Healthy Choices

Paralyzed teen takes on senior year after diving injury

Steven Bush, center, and other friends joke with Andy Wu on Friday  at Bella Vista High School in Fair Oaks. Wu injured his spinal cord over the summer, diving headfirst into Folsom Lake, but was back on campus when fall classes began. The co-president of the student body, he is nominated for homecoming king.
Steven Bush, center, and other friends joke with Andy Wu on Friday at Bella Vista High School in Fair Oaks. Wu injured his spinal cord over the summer, diving headfirst into Folsom Lake, but was back on campus when fall classes began. The co-president of the student body, he is nominated for homecoming king.

Lunch period buzzed with school spirit at Bella Vista High School on Friday as swarms of students traversed the quad, danced to the DJ, or dipped into cups of ice cream in honor of homecoming weekend. At their usual spot toward the back of the lawn, one cluster of teens was occupied with something else entirely – Andy Wu.

Wu had rolled up seconds earlier – wheeling through crowds and between schoolbags, down a ramp and over grass – to greet about a dozen enthusiastic schoolmates. Since the senior fractured his spinal cord in June, losing function below his chest and in his hands and forearms, he’s worked hard to return to his usual self.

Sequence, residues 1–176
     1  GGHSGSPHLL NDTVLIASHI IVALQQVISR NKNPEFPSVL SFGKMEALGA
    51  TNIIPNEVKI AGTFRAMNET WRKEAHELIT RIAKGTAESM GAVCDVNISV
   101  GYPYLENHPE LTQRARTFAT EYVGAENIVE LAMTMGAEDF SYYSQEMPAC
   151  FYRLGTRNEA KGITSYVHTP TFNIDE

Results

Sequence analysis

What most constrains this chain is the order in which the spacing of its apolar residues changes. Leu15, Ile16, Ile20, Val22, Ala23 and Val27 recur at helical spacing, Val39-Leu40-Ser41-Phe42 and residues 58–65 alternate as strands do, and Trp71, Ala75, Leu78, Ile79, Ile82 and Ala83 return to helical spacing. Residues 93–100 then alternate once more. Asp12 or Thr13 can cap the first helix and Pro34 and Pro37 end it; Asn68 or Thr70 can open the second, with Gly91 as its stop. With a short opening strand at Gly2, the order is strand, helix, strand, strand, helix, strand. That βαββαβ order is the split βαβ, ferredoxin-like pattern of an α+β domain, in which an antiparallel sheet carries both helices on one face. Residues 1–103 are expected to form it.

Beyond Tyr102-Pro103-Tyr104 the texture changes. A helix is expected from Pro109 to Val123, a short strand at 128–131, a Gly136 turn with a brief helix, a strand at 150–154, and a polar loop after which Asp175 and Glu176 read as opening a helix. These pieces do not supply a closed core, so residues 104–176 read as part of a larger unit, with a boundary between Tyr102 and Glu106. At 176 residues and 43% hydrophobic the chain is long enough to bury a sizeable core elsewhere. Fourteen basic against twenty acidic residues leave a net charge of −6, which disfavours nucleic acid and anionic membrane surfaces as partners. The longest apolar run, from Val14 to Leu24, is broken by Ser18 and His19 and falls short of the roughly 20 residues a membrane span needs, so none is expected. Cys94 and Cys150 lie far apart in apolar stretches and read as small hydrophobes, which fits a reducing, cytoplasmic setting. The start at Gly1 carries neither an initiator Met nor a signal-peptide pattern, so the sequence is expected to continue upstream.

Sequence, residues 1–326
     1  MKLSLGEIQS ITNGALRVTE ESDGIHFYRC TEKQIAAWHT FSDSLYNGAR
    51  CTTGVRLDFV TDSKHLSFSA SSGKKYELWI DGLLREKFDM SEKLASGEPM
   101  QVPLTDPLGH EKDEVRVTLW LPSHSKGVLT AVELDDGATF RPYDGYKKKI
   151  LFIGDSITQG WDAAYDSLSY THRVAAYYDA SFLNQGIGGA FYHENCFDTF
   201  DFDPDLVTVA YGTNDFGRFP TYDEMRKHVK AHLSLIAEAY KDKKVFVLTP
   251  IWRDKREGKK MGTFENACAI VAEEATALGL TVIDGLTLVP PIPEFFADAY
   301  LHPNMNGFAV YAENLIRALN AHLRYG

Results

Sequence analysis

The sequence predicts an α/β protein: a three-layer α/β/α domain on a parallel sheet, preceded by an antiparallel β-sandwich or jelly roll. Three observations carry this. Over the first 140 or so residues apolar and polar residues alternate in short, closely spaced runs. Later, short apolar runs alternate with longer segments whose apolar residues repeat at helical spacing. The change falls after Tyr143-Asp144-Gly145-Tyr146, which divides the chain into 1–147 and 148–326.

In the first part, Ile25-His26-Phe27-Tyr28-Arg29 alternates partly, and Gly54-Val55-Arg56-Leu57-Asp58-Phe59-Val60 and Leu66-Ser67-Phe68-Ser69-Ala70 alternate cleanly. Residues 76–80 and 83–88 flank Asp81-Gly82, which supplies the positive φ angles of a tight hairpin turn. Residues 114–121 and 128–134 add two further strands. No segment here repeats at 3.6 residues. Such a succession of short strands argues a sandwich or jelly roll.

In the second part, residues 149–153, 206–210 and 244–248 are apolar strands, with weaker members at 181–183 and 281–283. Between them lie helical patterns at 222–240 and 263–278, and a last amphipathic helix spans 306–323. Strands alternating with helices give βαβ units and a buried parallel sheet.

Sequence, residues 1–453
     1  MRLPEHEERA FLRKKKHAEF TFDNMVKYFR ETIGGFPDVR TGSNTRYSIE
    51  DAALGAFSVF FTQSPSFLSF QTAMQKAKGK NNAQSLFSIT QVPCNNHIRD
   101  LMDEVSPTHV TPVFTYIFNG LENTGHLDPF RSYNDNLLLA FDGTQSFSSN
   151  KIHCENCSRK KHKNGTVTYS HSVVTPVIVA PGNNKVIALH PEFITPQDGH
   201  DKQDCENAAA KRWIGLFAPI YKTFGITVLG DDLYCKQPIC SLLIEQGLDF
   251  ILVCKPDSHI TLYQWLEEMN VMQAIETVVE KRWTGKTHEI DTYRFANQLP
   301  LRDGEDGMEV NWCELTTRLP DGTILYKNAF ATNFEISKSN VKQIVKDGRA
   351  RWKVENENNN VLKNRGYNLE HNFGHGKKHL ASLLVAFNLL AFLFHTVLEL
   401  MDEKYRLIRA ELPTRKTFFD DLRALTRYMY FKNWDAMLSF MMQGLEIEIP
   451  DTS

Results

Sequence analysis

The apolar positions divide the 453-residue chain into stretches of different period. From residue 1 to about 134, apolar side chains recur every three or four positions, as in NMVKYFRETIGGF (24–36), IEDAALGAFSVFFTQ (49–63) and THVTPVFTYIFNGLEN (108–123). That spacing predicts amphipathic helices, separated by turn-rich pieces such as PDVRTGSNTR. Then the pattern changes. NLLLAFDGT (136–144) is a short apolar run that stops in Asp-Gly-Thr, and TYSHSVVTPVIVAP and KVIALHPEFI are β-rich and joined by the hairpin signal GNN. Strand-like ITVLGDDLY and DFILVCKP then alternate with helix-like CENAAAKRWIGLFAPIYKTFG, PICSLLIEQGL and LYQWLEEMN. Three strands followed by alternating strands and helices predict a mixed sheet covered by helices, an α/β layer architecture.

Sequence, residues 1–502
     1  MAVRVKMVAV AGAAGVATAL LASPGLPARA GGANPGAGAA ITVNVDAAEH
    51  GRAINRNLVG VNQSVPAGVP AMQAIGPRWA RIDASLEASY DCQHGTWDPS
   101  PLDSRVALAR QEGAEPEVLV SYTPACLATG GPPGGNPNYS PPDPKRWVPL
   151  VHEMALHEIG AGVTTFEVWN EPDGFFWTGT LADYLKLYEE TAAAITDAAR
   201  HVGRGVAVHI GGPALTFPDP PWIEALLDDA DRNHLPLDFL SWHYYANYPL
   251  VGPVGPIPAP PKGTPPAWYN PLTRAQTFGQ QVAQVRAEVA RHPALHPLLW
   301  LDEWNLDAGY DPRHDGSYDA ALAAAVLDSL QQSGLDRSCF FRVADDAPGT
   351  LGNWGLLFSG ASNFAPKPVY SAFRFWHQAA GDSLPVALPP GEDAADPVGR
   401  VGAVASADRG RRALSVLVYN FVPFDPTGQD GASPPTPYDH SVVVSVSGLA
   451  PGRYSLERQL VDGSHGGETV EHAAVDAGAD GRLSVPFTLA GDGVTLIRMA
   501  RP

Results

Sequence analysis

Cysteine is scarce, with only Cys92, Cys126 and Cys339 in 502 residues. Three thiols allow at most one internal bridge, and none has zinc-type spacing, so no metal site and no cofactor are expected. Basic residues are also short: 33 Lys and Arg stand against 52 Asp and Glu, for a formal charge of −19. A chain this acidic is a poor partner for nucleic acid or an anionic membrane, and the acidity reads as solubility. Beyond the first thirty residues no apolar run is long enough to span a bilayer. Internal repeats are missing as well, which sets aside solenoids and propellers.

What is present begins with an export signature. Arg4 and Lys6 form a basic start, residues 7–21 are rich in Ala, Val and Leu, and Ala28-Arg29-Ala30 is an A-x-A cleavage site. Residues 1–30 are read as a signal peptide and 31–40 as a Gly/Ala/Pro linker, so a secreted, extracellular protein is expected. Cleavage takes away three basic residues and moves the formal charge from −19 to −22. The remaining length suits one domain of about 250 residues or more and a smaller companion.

Formerly a track and cross country runner and now co-president of the student body, Wu has always been social. He had two friends with him – girlfriend Natalie Caraway and schoolmate Hanna Johnson – this summer when he headed to the Granite Bay side of Folsom Lake. They had just spent a day at the Sacramento Zoo and thought they’d enjoy a sunset swim.

Wu took a dive off of a rock not far above the water line. He thought the lake bed was deeper than it was.

“I remember the whole thing,” he said. “I didn’t go unconscious. I hit my head and I realized I couldn’t move anything.”

Both Caraway and Johnson jumped in after Wu and pulled him out of the water before calling 911. His head was bleeding from a hard hit on a rock, and Caraway was too panicked to talk to the operators, she said. Johnson, who had recently received lifeguard training, took the phone and guided the paramedics in.

“I think about it, and it’s just so overwhelming,” Johnson said of the accident. “When I see him doing something some days, I’m so heartbroken and some days I’m like, ‘Wow, he’s so strong.’ I know ultimately he’s a trooper and he has such a great attitude. We love him so much.”

Wu was taken via helicopter to Sutter Roseville Medical Center, where he was told he had fractured a critical vertebrae and damaged his spinal cord, he said.

Headfirst diving injuries tend to be among the most severe in terms of nerve damage because of the compression to the spinal cord, said Dr. Loren Davidson, medical director of spinal cord injury at Shriners Hospitals for Children Northern California, who has treated several cases like Wu’s. While recovery can happen quickly within the first six months to a year after an injury, it usually slows after that.

The doctor warns swimmers, especially youths, to avoid diving headfirst into areas where the water’s depth may be unclear.